Does the Harlem Shake Mean We'll Never Escape Viral Dance Memes?
I don't mean to get too weepy here, so soon after Valentine's Day, but I think this is true, and important: You never forget your first viral-video dance meme. I'm sorry, "Harlem Shake" partisans, but it's true. Whether it was "Call Me Maybe," all the way back in 2012, or "Gangnam Style," all the way a few weeks after that, no viral-video dance meme will ever capture your heart the way it did the first time you saw members of $College_Sports_Team do a synchronized, delightfully goofy dance to $Zeitgeist_Capturing_Pop_Song.
Image via. No, it's not the real Harlem Shake.
At least, that's my guess as to why the "Harlem Shake" backlash has come so fast--and been so thick on the ground--that most people have been introduced to the meme and the anti-meme simultaneously. Physicists are still speculating about the effects of a meme/anti-meme interaction, but in the meantime it's worth talking about the musical ramifications.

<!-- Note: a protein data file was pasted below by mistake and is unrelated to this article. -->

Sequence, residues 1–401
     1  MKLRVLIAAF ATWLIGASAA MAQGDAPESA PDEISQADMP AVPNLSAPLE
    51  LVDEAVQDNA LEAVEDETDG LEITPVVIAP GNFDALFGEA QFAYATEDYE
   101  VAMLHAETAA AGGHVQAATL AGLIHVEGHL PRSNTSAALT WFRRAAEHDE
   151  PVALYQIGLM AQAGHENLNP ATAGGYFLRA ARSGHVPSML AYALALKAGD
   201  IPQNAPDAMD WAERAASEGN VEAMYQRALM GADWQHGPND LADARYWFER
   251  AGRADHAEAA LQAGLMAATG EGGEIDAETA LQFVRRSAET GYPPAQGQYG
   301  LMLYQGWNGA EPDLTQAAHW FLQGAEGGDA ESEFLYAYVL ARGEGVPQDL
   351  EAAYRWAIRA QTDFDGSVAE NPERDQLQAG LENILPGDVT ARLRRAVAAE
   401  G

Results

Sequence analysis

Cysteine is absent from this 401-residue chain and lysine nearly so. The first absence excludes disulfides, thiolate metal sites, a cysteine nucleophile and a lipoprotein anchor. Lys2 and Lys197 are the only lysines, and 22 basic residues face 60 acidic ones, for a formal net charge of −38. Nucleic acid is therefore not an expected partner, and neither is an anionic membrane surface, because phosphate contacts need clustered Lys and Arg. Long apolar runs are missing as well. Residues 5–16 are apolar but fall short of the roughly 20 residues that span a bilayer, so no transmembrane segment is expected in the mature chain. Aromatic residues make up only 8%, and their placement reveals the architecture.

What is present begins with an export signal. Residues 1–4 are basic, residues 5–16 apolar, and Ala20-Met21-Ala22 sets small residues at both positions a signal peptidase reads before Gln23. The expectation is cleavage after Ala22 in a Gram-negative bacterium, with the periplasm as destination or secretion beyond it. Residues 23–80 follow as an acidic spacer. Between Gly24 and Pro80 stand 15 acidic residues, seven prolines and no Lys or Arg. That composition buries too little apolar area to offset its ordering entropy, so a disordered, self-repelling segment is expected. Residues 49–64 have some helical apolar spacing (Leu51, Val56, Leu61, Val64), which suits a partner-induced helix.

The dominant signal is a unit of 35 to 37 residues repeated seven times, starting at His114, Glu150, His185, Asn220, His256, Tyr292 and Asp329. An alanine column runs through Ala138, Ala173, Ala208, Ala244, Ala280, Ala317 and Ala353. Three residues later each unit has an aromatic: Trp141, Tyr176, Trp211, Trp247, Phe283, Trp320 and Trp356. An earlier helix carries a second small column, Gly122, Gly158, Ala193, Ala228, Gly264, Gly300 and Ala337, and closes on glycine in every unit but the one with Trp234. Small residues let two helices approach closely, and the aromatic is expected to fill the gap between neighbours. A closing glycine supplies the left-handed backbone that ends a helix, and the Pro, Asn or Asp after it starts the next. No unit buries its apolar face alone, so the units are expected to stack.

"Harlem Shake" has a lot of things going for it, meme-wise. The song, with its weird samples and dubstep-biting drop, is exactly right in a world where America's country-crossover sweetheart's big single has already co-opted all of that.
And for white, tech-obsessed liberal-arts grads (the Iowa Caucus of meme-election) the vaguely street-credible name and the slightly sinister trappings--the not-quite-human voice, the threatening tempo, the weird Bane-masked interloper--lent the enterprise the weird built-in irony that appeals to the same demographic that 10 years ago enjoyed enunciating the word "Gangster" like they were just-kidding-but-seriously cool enough to like Tupac.
So why the instant backlash?